Finally, before I went to bed, he asked me a question, “Can you kiss a guy? Cause I can’t do that.”

My reply was simple, “Yeah, I think I can.”

7. Dustin Sohn (26, Gay, American)

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The first time I even addressed my sexual orientation was when I unexpectedly fell into my first relationship. I was 20.

I was in college on the east coast. I called my parents on the west coast one evening and I straight up told them, “I have a boyfriend.” I was extremely nervous, but at the same time I kind of knew how they would react: my mom would get overwhelmed and maybe cry a little (and she did), and my dad would be disappointed and get uncomfortable (and he was) but there was no way they could hate me. And if the phone call were to nosedive and crash, I could just hang up and not talk to them for a while. Though my mom was upset and didn’t understand it, she ended the conversation with, “you could kill someone and I wouldn’t love you any less.” And despite the implication that homosexuality was a sin, I found that really sweet of her.

I had no idea how my sister would react because I remember her expressing some homophobia when we were young kids, but she was the best and accepted it without a second of hesitation.

8. Irwin Tseing (23, Gay, Australian)

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Well my parents were initially shocked, my dad said I didn’t know what I was talking about and said that I wasn’t. All of my family told me to keep it a secret until I was 18 (I was 15 then). And my brother tried to pick at anything he could to make me feel uneasy, such as the way I spoke or my gestures.

9. Lena Tan (29, Lesbian, Singaporean)

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My mum outed me during one family dinner.

I’m not too sure what motivated my mum… It could be that she wanted to know what’s “wrong” with me because initially, she didn’t understand why I’m lesbian.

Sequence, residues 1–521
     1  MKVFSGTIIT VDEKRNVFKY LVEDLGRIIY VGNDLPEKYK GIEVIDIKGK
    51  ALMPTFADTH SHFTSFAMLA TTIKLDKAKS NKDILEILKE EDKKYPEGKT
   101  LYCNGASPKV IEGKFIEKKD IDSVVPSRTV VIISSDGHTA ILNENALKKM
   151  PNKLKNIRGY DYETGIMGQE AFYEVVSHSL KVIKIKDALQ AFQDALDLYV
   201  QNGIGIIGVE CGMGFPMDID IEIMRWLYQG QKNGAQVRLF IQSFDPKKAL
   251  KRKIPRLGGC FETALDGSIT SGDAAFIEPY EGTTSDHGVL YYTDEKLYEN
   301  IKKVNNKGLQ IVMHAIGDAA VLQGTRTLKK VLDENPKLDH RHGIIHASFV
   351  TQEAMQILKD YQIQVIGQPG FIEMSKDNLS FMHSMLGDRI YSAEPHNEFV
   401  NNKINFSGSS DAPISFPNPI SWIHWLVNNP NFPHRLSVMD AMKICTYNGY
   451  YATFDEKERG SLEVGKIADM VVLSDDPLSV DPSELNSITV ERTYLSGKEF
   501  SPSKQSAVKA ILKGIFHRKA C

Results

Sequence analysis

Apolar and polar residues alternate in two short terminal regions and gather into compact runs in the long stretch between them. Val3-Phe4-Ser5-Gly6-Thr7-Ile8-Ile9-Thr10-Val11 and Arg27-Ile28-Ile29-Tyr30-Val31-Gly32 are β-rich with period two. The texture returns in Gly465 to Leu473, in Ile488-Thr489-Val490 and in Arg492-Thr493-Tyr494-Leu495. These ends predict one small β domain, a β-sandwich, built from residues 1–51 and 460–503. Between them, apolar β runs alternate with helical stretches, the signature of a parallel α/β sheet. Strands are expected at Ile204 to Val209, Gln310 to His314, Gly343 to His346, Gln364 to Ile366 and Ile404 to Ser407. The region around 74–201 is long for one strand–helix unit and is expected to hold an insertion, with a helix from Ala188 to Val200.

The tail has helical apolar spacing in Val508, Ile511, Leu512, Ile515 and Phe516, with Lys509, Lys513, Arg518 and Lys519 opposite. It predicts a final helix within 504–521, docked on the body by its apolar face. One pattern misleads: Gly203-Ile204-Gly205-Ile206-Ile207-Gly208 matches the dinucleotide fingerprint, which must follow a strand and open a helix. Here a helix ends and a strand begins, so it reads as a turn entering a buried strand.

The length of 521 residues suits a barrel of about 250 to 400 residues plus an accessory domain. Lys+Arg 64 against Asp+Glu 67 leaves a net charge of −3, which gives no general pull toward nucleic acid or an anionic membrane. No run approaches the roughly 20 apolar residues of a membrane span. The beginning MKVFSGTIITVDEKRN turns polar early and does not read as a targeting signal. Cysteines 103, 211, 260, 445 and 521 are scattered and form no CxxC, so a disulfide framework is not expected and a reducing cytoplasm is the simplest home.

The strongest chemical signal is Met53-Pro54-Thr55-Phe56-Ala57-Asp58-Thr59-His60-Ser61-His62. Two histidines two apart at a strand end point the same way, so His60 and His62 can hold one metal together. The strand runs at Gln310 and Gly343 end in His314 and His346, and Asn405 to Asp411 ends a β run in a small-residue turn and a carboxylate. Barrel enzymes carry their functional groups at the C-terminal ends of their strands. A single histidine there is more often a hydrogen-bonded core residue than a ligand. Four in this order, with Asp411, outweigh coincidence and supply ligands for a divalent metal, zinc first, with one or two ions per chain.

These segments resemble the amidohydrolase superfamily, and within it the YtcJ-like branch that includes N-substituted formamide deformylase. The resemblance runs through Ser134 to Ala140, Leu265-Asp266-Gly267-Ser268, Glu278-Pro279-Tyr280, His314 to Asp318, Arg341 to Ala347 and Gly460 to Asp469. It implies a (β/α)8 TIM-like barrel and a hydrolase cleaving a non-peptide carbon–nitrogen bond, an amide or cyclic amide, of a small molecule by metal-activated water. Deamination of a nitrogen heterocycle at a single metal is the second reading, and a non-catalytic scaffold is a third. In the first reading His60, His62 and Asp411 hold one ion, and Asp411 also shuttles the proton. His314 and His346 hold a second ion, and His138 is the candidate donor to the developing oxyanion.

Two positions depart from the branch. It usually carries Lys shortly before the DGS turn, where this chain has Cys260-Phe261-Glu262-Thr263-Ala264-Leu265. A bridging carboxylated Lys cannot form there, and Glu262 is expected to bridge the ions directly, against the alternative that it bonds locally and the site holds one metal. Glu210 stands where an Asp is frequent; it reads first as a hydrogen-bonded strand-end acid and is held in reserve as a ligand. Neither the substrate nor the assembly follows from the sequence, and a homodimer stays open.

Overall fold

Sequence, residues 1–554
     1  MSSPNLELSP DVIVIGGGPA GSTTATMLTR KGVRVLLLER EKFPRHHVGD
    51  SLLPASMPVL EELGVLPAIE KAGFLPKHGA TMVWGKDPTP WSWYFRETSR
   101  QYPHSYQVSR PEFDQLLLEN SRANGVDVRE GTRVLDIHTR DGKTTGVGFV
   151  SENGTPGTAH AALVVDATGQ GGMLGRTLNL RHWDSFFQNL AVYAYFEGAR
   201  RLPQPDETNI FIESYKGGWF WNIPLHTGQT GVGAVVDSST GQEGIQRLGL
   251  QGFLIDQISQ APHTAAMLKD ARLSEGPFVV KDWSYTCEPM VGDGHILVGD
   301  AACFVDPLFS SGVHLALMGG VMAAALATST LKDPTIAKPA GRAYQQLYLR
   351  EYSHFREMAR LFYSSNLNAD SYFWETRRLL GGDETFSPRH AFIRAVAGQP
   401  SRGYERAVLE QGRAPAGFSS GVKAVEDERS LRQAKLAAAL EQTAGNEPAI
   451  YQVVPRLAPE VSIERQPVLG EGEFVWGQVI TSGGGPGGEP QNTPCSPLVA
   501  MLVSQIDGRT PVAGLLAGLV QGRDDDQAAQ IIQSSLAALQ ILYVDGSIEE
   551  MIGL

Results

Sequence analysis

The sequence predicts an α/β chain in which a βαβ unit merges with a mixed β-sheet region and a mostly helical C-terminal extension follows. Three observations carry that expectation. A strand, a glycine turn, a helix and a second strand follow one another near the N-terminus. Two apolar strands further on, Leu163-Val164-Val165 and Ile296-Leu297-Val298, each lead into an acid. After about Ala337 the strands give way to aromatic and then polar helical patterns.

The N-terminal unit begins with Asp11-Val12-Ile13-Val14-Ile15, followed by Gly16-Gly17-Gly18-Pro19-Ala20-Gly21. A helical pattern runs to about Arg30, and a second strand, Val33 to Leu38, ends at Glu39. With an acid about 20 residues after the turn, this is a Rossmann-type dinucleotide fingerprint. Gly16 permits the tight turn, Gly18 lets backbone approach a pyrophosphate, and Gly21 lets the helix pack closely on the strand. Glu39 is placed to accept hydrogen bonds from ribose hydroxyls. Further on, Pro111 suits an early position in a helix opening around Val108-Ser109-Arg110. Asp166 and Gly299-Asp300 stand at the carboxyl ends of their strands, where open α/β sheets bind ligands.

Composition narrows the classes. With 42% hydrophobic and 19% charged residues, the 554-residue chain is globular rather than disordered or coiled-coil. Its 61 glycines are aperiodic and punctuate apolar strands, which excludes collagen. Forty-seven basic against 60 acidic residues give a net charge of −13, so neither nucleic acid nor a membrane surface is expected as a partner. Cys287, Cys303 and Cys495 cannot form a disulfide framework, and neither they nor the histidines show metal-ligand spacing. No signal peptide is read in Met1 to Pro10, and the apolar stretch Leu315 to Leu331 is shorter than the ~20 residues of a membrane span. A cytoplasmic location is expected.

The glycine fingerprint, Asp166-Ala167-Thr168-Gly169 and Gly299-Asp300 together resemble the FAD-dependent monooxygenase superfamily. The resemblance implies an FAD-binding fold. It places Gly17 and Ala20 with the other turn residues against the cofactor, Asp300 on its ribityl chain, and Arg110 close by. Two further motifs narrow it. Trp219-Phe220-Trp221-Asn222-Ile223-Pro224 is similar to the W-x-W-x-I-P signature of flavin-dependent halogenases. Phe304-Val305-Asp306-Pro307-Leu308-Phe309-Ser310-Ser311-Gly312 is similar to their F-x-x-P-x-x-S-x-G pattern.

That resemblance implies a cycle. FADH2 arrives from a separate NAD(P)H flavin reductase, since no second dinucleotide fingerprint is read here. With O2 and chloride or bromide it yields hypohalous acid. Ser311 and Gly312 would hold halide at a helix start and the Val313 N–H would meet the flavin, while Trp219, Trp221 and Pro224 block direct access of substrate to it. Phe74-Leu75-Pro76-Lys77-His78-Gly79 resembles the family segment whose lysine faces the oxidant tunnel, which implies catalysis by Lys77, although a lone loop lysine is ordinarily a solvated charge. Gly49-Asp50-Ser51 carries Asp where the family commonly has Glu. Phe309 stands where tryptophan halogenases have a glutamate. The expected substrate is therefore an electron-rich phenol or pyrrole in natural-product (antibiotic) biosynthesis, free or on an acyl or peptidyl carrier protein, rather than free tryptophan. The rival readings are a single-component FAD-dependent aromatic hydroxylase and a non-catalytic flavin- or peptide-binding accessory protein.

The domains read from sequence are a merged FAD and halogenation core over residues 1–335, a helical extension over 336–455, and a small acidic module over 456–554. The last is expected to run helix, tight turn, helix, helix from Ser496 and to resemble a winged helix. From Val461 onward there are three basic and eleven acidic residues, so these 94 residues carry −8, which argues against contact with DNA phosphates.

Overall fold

It was an emotional affair and tears were rolling down the faces of my sister and me because my mum thought I needed to see a psychiatrist but my younger sis stood up for me and kept defending (me), saying that I’m a perfectly fine human being. At the end of the session, there were no hard feelings, which is a huge burden off my shoulder.

Just because of my sexuality, that doesn’t change who I am as a person.

10. Rene Mayo (34, Gay, Filipino)

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I didn’t really go through the process of coming out. It’s like my family knows about it. We just don’t really talk about it.

The first friend I told was a female friend during my third year of college. She figured it out because gay people would just come up to talk to me.

11. Laurindo Garcia (44, Gay, Filipino)

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My first coming out experience was to a co-worker at a restaurant I was working at when I was in university. I was 18 years old.

I clearly remember seeing the words fall out of my mouth; “I have something to tell you. I am gay as well”.

Maybe I felt safe telling him because of the semi-detached nature of work relationships, it was highly unlikely that our friendship circles were connected.

12. Alex Teh (22, Trans, Singaporean)

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The first friend I told didn’t have much of a reaction.

She was just like ‘Oh cool’ lol.